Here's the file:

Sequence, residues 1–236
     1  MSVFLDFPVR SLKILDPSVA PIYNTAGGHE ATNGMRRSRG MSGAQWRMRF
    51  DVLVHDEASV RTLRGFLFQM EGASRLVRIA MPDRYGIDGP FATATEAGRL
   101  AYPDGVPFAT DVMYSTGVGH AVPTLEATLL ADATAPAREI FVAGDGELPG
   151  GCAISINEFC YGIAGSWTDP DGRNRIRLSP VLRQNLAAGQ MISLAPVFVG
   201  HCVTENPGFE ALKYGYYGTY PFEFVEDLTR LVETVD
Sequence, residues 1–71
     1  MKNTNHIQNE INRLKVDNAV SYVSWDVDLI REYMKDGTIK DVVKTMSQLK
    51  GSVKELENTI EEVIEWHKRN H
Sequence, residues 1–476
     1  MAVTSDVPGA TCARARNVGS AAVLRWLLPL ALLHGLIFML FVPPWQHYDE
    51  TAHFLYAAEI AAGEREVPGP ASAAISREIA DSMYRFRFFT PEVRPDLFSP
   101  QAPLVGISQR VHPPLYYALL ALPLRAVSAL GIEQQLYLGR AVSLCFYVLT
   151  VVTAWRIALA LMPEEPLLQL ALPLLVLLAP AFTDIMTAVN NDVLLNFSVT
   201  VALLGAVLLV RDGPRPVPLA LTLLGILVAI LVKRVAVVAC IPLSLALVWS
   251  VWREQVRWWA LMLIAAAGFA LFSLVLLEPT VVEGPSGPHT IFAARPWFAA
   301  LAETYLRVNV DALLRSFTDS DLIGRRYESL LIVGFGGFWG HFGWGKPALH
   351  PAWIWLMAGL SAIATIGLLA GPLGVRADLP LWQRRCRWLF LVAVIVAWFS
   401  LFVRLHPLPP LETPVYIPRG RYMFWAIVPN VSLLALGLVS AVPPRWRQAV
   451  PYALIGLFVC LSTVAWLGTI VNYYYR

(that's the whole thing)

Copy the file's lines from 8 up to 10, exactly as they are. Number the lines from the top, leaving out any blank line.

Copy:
     1  MKNTNHIQNE INRLKVDNAV SYVSWDVDLI REYMKDGTIK DVVKTMSQLK
    51  GSVKELENTI EEVIEWHKRN H
Sequence, residues 1–476